When God is no longer the centre, life gets harder than it has to be. Brother Klaus von Flue (1417-1487) had a vision of well. He sees in a village a large group of people who are doing hard work and yet remain very poor, He also sees a small building, which he walks into. He enters a kitchen that belongs to the whole community. As he climbs up a little staircase “perhaps four steps” he discovers a chest out of which, “as quick as lightning shoots, with a mighty roar, a great stream of three things, namely wine, oil and honey. The stream is crystal clear. And however powerfully it flowed out, the chest still remained filled to the very top” He cannot understand how the people can work so hard and yet be so poor and still not enter the kitchen. “And he saw no one go into the kitchen to draw from the well”


Thank you for your donations towards the upkeep of the Graan. Thanks also to all our ushers who help our visitors to acquaint themselves with our new seating arrangements here in the Graan. A little word of appreciation also to those who so readily help to clean the seats of the Church and door handles after each Mass. Despite the restrictions of social distancing etc our shop continues to be very busy and we appreciate your custom. You are being remembered everyday in the prayers of this community. Fr. Charles C.P.


  • Sanitising – Please use the sanitising facilities which are at each of the porch doors on entering the church.
  • Social Distancing & Seating – The seats in the main body of the church are reserved for families or those of the same household. The seats in the wings/side-aisles of the Church and at the back of the altar and the gallery are kept for individuals. All the seats are marked so please ONLY SIT IN THE SEAT THAT HAS A GREEN MARKER.
  • Holy Communion – Will be distributed to those in the side aisles, the gallery and at the back of the altar. The family groups who are seated in front of the altar will process up to the celebrant to receive communion, seat by seat, making sure to keep adequate distance from each other. Communion will only be given in the hand.
  • Bulletin – Please take this bulletin home with you and do not leave in the church. (It is important that possible infections are curtailed.)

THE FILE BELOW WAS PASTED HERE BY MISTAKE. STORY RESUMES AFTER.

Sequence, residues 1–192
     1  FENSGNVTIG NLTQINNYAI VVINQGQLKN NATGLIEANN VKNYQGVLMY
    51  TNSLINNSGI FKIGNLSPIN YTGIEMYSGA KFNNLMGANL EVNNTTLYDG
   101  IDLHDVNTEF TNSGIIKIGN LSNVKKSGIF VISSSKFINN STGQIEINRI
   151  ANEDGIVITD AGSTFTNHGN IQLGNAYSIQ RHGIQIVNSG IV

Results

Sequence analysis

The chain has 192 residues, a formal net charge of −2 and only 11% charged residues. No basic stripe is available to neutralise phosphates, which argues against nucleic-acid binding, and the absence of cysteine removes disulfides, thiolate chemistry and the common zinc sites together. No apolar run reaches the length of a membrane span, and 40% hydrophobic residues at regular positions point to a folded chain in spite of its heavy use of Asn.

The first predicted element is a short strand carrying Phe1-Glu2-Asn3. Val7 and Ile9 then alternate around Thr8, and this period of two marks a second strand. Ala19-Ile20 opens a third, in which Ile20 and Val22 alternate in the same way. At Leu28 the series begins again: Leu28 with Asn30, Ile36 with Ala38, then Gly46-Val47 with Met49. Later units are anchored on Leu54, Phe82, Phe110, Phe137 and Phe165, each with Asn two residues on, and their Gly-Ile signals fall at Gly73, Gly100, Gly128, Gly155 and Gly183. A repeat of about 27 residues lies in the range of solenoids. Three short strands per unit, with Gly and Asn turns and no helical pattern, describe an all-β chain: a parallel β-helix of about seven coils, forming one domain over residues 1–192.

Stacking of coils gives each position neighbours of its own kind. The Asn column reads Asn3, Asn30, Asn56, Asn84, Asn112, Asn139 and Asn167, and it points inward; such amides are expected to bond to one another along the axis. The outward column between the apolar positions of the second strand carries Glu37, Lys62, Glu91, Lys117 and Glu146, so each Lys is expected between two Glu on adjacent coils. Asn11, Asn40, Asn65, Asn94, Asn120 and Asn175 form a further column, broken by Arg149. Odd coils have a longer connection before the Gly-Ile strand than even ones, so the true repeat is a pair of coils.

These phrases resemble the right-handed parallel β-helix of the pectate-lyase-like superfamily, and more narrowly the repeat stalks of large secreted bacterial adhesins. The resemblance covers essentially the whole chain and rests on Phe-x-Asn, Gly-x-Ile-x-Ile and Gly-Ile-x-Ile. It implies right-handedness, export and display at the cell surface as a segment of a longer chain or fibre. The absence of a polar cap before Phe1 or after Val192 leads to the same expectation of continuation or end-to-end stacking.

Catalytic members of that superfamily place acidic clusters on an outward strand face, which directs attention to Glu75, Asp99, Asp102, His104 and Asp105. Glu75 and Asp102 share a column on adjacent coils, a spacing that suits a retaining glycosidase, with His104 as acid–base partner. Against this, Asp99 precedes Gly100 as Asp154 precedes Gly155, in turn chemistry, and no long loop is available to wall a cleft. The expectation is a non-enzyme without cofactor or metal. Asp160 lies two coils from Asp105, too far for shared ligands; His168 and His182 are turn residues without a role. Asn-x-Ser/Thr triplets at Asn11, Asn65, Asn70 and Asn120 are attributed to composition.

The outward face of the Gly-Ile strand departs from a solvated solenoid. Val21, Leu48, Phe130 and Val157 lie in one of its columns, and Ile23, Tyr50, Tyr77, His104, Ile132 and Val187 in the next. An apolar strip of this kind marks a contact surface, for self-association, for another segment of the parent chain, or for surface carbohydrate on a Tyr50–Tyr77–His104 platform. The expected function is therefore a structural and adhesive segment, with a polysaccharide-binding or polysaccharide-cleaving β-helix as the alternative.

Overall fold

• Exiting the church – Please exit the Church the same door that you came in. Leave the Church one seat at a time beginning from the back. If you are incapacitated please wait until it is safe to do so.


DUTY FOR THE WEEKSun &  Mon No Duty. (Monday to Friday) Mass @ 7pm  Anthony. Tues –  Arthur. Wed –Arthur. Thurs – Charles.   Fri – Charles.. Sat –  Charles.


Friday Exposition continues each Friday from 10am – 2pm. 


Shop Opening Hours: Mon to Sat: 9.30am – 7.30pm. Sunday – 9.30am – 5pm.


Guild Mass Cards: We have a wide selection of cards for Deceased, Mass Bouquets, Get Well, Birthday, Special Occasion, Wedding, Thinking of You  and Exam Mass Bouquets which cost £2 / €2.50 each. We value your support. They are available to order online. 


Recently Deceased


Michael Doherty, Letterbreen

Beatrice Whitley, Lisbellaw

Monica Gallagher, nee Donnelly,  Omagh formerly Trillick

Patrick Mc Ginn, Ballygawley

Jimmy Kildea, Maguiresbridge

John & Elizabeth Maguire & Alice & Art Maguire, Lehinch, Newtownbutler & the Conroy & Maguire families

Sean, Mary & Anna Monaghan, Enniskillen

David & Sarah Mc Hugh & family, Ederney

Patrick O’Sullivan, Longford & Oliver Scallon (Month’s Mind)  Irvinestown

Gretta Elliott, Graan Abbey Nursing Home  

John Campbell, Cullyhanna




The Graan,
Co. Fermanagh,
BT74 5PB

N. Ireland.

Telephone: 028 6632 2272
Fax: 028 6632 5201

@2024 The Graan. Designed by Slinky Hip

The Community

  • Fr Charles Cross Superior
  • Fr Arthur Mc Cann Vicar
  • Fr Victor Donnelly
  • Br Brendan Gallagher
  • Fr Brian D'Arcy
  • Fr Anthony O’Leary